Quick (but VERY important!) A/N: I know that in the movie, the black and white parts take place in 1919. But for this version, those sequences are in the year 1900. Also, the tombstone from the movie has been altered a bit …the word "Mother" is not mentioned anywhere, and the year of Christine's death is 1876, not 1917.

EPILOGUE: Paris, 1900

"Will you make it in time?"

He pursed his lips as he stared out the window, frowning. "Yes," he told her softly, not meeting her eyes. "I give you my word."

Erik leaned forward and kissed the top of her head lightly, his hand pressing against her dark hair. He started out the door, casting one fleeting look back. His smile was gentle, but she sensed something else, some deeper, darker emotion that washed through his mind…his eyes were distracted, and she knew it was not of her he was thinking…

The Vicomte sent Madame Delauney and his butler away… 'to fetch the carriage,' he had said, his eyes still locked on the grave. Perhaps the butler would see through his excuse; the Madame undoubtedly would. The nurse had spent the last three years tending to him… She would not question his need to be alone for a few moments. Still, she glanced over her shoulder at the frail old man in the wheelchair as his form shrank into the distance.

Through the past years, the Vicomte de Chagny had become a bitter, desolate man, the last legs of his life's journey spent on his own. He had buried his third wife, Charlotte-Renee, two years ago, after cancer took her. Sabine had died in childbirth; their son Gustav had passed not long after. The Vicomte had no heirs, and he had come to the silent, inevitable conclusion that he would die alone. At least his brother Philippe had not proved to be so unfortunate…Raoul had eight nieces and nephews, seven of whom had children of their own.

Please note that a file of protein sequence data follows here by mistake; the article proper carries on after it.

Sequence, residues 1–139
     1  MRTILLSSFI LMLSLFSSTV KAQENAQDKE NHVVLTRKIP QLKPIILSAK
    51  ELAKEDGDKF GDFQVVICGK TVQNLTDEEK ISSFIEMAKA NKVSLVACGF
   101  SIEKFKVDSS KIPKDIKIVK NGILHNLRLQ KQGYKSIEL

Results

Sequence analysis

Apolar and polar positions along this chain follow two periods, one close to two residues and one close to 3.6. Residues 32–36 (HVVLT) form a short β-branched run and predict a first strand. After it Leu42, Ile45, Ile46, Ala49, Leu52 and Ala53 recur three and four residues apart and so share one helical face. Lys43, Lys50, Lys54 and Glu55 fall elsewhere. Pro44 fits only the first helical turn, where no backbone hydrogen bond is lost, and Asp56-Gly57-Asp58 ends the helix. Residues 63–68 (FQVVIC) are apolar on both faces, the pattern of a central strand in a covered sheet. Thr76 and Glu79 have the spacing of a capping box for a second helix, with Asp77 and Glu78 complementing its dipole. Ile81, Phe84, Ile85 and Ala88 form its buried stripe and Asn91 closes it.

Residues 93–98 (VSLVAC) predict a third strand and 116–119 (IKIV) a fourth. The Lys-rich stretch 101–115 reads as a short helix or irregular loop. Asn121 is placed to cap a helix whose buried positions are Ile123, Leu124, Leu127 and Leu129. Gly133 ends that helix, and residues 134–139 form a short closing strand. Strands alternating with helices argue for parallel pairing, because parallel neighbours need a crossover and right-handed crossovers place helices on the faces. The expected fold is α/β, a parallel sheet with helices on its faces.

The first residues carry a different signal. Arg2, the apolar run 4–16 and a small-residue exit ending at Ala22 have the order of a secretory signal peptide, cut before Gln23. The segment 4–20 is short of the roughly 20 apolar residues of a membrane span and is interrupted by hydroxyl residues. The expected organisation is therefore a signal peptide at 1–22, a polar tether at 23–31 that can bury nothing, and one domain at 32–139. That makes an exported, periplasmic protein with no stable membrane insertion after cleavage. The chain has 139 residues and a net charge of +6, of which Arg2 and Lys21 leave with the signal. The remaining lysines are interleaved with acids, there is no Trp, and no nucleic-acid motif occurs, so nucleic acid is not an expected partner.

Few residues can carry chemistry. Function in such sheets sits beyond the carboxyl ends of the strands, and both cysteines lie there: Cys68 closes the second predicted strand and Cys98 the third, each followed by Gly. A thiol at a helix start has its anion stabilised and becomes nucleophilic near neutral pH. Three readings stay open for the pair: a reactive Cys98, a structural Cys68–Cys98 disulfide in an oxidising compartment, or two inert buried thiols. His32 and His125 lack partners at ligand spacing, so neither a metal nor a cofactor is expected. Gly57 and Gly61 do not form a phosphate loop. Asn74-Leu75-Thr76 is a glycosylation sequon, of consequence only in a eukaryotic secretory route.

The proud Chagny line would continue.

The long, weary years had robbed him of his dashing good looks; his skin, once smooth and ageless, now drooped lifelessly from his face, pot marked and creased. He had lost substantial use of his legs not even a year ago, and now he was confined to this wheeled chair, forced to hire a butler to help him get from place to place. The Vicomte sighed irritably.

Even when his legs were numb, his pride still ached.

At first, his eyes had not noticed the simple rose that lay against the tomb. But when he finally did see it, there had been no moment of elderly search for memory, no vague twinkling of de ja vu…. He had instantly understood the connection… Through the decades, he had always known the rival of his earlier years had not truly vanished. No, the Opera Ghost could not bare to die so unceremoniously as what was printed in the papers.